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Discussion Starter · #1 ·
Hey all,


A co-worker has asked me to build him a iATX HTPC with a SSD drive for the OS, which is WinXP Pro 32-bit SP3.


I have never used SSD before, but have done lots of reading about it on AVS and elsewhere.


My rough plan for setting up the system using SSD is the following:


1. Installing and using the SSD in IDE mode, not AHCI.


2. Creating a Ramdisk partition (a drive volume that exists in RAM memory rather than a hard drive) and tweaking XP to write to it for page file, temporary internet files, print spooling, etc. This is to reduce the number of write cycles to the SSD so that it will last longer, since the number of write cycles to the SSD memory elements is finite.

See *here* for details.


3. Using a SSD vendor's TRIM ("garbage collection") tool for XP, which doesn't do TRIM automatically like Win7.


This is my preliminary plan, and this is where I ask the experts here for critique and feedback. Thanks in advance to those who reply.
 

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Quote:
Originally Posted by Vlad Theimpaler /forum/post/20770356


Hey all,


A co-worker has asked me to build him a iATX HTPC with a SSD drive for the OS, which is WinXP Pro 32-bit SP3.


I have never used SSD before, but have done lots of reading about it on AVS and elsewhere.


My rough plan for setting up the system using SSD is the following:


1. Installing and using the SSD in IDE mode, not AHCI.


2. Creating a Ramdisk partition (a drive volume that exists in RAM memory rather than a hard drive) and tweaking XP to write to it for page file, temporary internet files, print spooling, etc. This is to reduce the number of write cycles to the SSD so that it will last longer, since the number of write cycles to the SSD memory elements is finite.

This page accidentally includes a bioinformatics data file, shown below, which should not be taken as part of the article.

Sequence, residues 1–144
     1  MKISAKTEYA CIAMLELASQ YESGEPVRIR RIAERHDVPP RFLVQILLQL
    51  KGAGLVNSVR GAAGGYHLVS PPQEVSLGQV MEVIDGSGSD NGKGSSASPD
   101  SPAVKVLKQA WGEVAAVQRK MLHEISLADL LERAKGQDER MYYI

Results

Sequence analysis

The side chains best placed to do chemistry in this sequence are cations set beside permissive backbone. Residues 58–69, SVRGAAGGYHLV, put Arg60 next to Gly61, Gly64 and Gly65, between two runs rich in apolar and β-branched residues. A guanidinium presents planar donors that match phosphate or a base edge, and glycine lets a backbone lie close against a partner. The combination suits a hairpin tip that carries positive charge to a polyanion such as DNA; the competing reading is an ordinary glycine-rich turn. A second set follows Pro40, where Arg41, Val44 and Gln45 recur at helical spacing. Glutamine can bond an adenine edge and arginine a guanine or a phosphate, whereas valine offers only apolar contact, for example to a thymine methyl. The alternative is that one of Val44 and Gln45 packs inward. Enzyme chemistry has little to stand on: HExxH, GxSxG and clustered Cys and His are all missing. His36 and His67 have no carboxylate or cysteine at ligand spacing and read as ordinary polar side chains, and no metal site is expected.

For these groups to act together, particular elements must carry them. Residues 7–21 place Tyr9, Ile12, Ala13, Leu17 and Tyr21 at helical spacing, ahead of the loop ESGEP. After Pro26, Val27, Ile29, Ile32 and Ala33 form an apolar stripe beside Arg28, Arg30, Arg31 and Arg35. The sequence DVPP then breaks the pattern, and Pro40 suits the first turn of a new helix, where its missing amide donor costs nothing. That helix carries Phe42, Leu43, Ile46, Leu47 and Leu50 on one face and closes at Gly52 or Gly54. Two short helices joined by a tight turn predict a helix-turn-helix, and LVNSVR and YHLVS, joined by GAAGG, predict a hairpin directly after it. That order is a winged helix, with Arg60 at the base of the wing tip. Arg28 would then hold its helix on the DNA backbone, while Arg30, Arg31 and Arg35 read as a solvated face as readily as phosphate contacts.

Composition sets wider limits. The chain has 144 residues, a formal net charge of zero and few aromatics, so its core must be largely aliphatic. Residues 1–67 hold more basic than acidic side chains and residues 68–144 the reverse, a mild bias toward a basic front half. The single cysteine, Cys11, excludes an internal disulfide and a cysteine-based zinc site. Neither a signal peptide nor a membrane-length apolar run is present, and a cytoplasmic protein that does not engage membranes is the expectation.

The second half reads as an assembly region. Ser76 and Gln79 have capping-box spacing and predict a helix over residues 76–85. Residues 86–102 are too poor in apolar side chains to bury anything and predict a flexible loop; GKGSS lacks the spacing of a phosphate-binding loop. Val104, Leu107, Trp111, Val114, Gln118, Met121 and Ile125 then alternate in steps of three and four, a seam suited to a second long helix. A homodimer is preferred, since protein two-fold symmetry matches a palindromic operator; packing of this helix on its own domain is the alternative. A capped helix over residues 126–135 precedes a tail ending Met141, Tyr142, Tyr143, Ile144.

See *here* for details.


3. Using a SSD vendor's TRIM ("garbage collection") tool for XP, which doesn't do TRIM automatically like Win7.


This is my preliminary plan, and this is where I ask the experts here for critique and feedback. Thanks in advance to those who reply.

As long as you can periodically trim then a SSD in IDE mode should be fine.



As far as the RAM drive, I have never used it but you should have a good amount of ram present and you should most likely disable swap(page file) all together as opposed to having it write to a logical disk which is in ram anyway.



here is a free software that allows you to create a ramdisk, upto 4 gigs
http://memory.dataram.com/products-a...ftware/ramdisk
 

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Discussion Starter · #7 ·
Thanks for the responses. XP is my co-worker's requirement for the build. If I were building for me, I'd be using 7 for sure



Quote:
Originally Posted by almostinsane /forum/post/20771750


And don't move all that stuff off of the SSD. That's where the SSD excels, small random writes.

True that, but the issue is that there are only so many times you can write to the memory elements of the SSD before they fail. Granted, it's something in the hundreds of thousands (write cycles), but it seems prudent, to me at least, to offload that kind of wear to the SSD using the ramdisk method. And, in terms of performance, RAM is plenty fast too